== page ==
Coriander (Cilantro)

While it looks quite like parsley and is sometimes termed “chinese parsley” it is not. Coriander is a herb which does not keep and doesn’t freeze very well (unlike parsley) tending to lose its taste.

I use it mostly with Indian cooking where you tend to add it as a garnish at the last minute as it loses its flavour when cooked. There is nothing better than a lamb curry, daal (lentil stew) and raita (yoghurt based sauce) with plenty of coriander.

It also goes really well with Mexican cooking as coriander pairs excellently with avocado, chicken, fish and shellfish, peppers and salsa.

Coriander is also linked with many health benefits like most fresh herbs ranging from antioxidant properties to being useful in treatment of type 2 diabetes.

Dill

Dill has a fairly distinctive taste being a mix of fennel, anise and celery. It is most commonly added to fish or pickles. I mainly associate it with Scandinavian cooking where it is added to almost everything you eat: soups, grilled and boiled fish, gravlax, potatoes and vinegars. However it is not only the Scandinavians who love Dill: in Eastern Europe it is often added to hot and cold (creamy) borsht. They use it in salads (much like I describes above) or in creamy dressings and sandwich spreads. Dill sauce is also used for poultry, eggs and potatoes.

In Asian cooking Dill is also commonly used and in India they believe it has good digestive properties and is also often given to mothers after childbirth.

The Greeks also use Dill pairing it with yoghurt and cucumber in Tzatziki – Yum!

Feeling a bit braver with Dill yet? Next time you are preparing poultry, fish, eggs, salad or a creamy sauce add a bit and see what you think.

Basil

I reckon basil is the most used herb in western cooking thanks to the popularity of Italian food although the plant originally comes from Asia and plays a major role in their cuisine too.

The Italian basil I chose is the most commonly sold in the supermarkets and is known as sweet basil while the Greek basil is much more peppery and has a stronger flavour. I’d use the Greek for salads but the Italian one more for cooking or pesto.

One tip I learnt off an Italian ex was to never cut basil with a knife but rather tear it to release the aromas. Obviously this isn’t practical when making pesto but I try to stick to it when making salads.

Basil pairs excellently with tomato and most vegetables, as you probably know, but it also goes great with other fruit such as pineapple or strawberries.

Another basil tip to be aware of is when picking your basil never pick the tips of the shoots but select the larger leaves from below allowing further regrowth.

Basil is another well noted antioxidant and various studies have been done linking it with cancer preventative properties. Basil is also good for high blood pressure.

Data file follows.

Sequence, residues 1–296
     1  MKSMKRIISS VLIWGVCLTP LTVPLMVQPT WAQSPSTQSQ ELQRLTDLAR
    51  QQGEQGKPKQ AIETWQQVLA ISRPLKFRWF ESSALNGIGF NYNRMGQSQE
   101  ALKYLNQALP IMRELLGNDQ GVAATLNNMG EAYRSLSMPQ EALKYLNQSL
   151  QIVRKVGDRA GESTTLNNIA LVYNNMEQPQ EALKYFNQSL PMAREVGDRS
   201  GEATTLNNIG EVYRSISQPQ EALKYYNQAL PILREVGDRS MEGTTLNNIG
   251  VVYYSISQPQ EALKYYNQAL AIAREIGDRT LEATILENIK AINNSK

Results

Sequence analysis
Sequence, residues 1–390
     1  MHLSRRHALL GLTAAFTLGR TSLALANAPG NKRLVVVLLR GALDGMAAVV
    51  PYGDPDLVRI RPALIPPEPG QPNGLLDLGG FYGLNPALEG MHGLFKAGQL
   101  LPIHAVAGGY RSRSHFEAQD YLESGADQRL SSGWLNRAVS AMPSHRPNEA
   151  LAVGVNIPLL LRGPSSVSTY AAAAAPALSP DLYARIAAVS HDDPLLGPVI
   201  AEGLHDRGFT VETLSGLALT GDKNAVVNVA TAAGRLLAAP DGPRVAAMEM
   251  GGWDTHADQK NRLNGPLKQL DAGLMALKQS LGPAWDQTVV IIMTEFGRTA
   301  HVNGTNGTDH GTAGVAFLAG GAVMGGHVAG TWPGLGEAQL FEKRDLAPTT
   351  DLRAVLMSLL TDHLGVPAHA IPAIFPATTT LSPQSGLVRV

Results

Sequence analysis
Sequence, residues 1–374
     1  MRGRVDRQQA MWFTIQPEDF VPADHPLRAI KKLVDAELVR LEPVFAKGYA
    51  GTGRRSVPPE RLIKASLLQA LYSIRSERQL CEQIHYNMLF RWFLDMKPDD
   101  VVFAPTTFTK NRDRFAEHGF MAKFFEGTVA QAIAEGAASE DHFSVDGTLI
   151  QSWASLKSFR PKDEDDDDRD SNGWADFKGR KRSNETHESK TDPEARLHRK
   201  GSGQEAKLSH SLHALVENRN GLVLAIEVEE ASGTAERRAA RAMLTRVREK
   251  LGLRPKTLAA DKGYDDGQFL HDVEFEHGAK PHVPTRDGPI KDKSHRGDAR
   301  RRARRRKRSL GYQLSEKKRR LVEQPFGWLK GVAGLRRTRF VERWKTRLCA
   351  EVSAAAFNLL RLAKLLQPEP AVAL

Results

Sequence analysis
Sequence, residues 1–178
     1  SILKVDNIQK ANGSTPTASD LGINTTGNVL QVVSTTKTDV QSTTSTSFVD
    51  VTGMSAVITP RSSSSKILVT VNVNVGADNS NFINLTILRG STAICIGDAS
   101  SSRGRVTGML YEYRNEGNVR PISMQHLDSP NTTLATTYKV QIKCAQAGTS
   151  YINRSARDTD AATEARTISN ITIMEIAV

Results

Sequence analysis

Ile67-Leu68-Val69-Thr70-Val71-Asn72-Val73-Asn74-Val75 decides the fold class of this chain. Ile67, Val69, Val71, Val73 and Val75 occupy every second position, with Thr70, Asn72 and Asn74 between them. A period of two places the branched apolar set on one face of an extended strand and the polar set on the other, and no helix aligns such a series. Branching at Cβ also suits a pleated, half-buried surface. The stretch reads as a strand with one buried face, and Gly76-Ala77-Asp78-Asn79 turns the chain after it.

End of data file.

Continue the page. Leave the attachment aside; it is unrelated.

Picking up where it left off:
Verbena

I planted Lemon Verbena as I love using it to make teas, you just pop a few leaves in some boiling water and drink it as is. Lemon Verbena is also great to use in cooking as it adds a lovely citrus taste to dishes without the acidity.  You can add it to marinades, dressing or sauces and it pairs great with fish and poultry. I’ve also seen it being used in jams to add a freshness or summery aspect.

Verbena is galactagogue (which means it promotes lactation) so it is great for breastfeeding mums. I tend to drink it as a tea in the evenings after dinner as it aids digestion and has certain sedative effect. I’ve also heard that it has antibacterial properties and is effective against yeast infections. It is also good for menstrual cramps making it a good standard for any woman’s garden.

Camomile

Another soothing tea which tastes so much better fresh and helps with digestion. German chamomile, which I planted, produces daisy like flower which you should trim and make the tea out of. This one is not recommended for nursing or pregnant woman, however, as it can cause contractions. The flowers can also be added to salads or can be made into an herbal beer.

Chives

Funnily enough I’m not a big onion fan but I love chives as its much more of a delicate taste which cuts nicely through rich dishes with eggs or cream, for example, I’ll add lots of chives to my scrambled eggs. You can add chives to any dishes which you would normally put raw onion into such as salads. They are also great for decoration or even snipped into mash or soups.

Like other allium family members, chives possess thio-sulfinites anti-oxidants. Thio-sufinites breaks down to allicin when chives are processed. Studies show that allicin reduces cholesterol production and has anti-bacterial, anti-viral, and anti-fungal properties. Allicin is also a vasodilator compound which is great for those with high blood pressure.

Thyme (silver leaf and lemon)

Thyme is a lovely fragrant herb which I associate mainly with Provençal dishes. It goes great with with Mediterranean vegetables, pork, lamb, fish and game. I love thyme with eggs in omelettes or in mushrooms dishes.

You can use it in stews, stuffings, marinades, omelettes or even in scrambled eggs.

Lemon Thyme adds a citrus dimension to dishes which is especially nice with fish and can be lovely sprinkled into salads.